Open 10 - 5, Closed Mondays Oct - March
Deemed “Our Nation's Oldest Residential Street,” Elfred's Alley offers a rare glimpse into colonial America and does in fact date back to the very early 1700s. Few outside of Philadelphia-natives fully recognized the importance of the city to the inception of the United States. Boston has its tea party, New York is the nation's global capital and DC is the seat of the government but Philadelphia played a pivotal role in what was to become and outside of Boston still offers the most detailed view of life in pre-Revolutionary life in what was to become the US. The Liberty Bell and Betsy Ross's flag may be the icons cementing this legacy but Elfred's Alley is a more concrete vision to behold. A neighborhood street largely unchanged in character for 300 years. Sure, it was set for demolition in the early 1900s but thankfully, concerned citizens banded together to save it and now with it a National Historic Landmark, it should be around for future generations to behold and hopefully appreciate.
There is a small museum store located on the block but aside from that, the buildings still on display are private (and fairly expensive for their size) homes. The best way to enjoy them is to stroll down it's narrow cobblestone street midday during the week when it's likely no one else is around. It's like taking a walk to another time.
The Betsy Ross house is where the first flag of the United States was made. This came about when General George Washington and two other members of the Continental Congress walked into her upholstery shop with something specific on their minds--a new flag representing the country had to be created and they felt Betsy was up to the task. The year was 1776.
Betsy's house is nicely preserved and her life in Philadelphia interestingly detailed. She was an enterprising woman who lived into her 80's.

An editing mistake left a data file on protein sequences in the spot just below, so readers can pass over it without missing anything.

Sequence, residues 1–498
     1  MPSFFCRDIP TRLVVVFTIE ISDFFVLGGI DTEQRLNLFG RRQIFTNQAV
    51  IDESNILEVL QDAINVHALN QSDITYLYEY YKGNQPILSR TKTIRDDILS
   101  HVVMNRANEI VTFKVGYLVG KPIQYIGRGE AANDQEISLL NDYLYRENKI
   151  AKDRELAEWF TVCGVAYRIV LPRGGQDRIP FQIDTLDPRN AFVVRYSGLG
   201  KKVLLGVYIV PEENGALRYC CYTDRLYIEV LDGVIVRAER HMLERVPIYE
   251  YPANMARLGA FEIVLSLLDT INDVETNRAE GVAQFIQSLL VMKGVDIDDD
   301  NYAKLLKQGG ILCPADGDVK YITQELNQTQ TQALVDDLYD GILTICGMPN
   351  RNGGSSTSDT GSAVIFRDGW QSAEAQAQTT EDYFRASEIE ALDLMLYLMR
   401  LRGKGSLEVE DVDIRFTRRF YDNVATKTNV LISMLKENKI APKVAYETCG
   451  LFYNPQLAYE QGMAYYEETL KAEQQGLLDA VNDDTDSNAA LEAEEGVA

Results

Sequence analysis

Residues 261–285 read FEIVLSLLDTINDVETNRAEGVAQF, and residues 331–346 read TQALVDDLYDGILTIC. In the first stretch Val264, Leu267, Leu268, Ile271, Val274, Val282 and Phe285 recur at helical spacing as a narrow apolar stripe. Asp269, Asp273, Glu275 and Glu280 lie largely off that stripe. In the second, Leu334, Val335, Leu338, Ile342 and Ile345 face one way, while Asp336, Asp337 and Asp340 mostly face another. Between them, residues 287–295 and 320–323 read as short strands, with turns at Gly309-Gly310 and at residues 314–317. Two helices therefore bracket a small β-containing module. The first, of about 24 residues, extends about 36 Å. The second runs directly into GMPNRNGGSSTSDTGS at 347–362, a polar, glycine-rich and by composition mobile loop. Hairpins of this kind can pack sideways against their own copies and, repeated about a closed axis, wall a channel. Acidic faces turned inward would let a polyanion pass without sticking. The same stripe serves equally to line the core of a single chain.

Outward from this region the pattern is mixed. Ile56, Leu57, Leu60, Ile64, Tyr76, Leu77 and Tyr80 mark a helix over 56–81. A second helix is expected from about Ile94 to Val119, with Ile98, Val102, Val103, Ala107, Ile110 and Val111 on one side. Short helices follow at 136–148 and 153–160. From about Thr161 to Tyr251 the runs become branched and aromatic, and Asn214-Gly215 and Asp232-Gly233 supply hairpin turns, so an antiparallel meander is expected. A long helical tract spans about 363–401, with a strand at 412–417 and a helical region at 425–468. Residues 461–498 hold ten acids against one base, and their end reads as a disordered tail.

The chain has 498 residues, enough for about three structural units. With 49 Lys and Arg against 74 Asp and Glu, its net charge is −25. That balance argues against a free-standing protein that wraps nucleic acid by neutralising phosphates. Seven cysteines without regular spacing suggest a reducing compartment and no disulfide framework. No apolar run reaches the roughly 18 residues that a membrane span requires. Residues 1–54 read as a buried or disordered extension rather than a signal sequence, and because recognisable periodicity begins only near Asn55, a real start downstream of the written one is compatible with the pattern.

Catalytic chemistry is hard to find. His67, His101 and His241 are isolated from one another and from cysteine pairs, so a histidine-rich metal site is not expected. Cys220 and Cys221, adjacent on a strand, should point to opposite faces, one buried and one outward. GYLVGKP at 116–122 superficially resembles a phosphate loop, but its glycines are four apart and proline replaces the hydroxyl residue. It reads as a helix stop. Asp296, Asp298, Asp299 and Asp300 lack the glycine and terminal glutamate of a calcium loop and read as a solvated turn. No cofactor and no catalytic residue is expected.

Operating hours are 10 am-5 pm daily from April-September; Tus.Sun from October-March. A self guided tour is $3.00 for adults and seniors; $2.00 for children and students or a $4.00 admission fee which provides entrance and an audio guide.
Betsy's house was donated to the city in 1937 and was restored with the proceeds of a dime donation drive.
But did she really sew the first American flag?
She WAS a good friend of George Washington. She WAS a seamstress. But the only proof that she did indeed sew the first flag is by an accounting made by her grandson...
The tour is self-guided and only takes about a half-hour.
Nearby is Elfreth's Alley- You must check it out. Also nearby: the US Mint and the new National Constitution Center.
So, while it doesn't take long to visit Betsy's place, it is close to other attractions.
Self-guided tour for Adults $3.00
Children & Seniors $2.00.
Hours: 10am - 5pm.
Open daily April -- September
Open Tuesday -- Sunday October -- March. Open on Monday holidays.
Supposedly haunted, the house is a complex of two buildings that Betsy Ross lived in and met with the flag committe to design and present the American flag in 1777.